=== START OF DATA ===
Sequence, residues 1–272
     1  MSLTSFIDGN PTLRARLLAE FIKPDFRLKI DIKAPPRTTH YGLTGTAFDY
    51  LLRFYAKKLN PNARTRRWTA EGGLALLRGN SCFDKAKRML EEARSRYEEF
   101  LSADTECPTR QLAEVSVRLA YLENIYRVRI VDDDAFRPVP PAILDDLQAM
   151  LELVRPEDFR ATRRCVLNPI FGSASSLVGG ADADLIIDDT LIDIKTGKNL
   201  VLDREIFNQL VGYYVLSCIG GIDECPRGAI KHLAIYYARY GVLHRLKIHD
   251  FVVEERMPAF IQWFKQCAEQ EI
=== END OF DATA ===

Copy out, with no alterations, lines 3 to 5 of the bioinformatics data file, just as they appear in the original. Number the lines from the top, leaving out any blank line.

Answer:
    51  LLRFYAKKLN PNARTRRWTA EGGLALLRGN SCFDKAKRML EEARSRYEEF
   101  LSADTECPTR QLAEVSVRLA YLENIYRVRI VDDDAFRPVP PAILDDLQAM
   151  LELVRPEDFR ATRRCVLNPI FGSASSLVGG ADADLIIDDT LIDIKTGKNL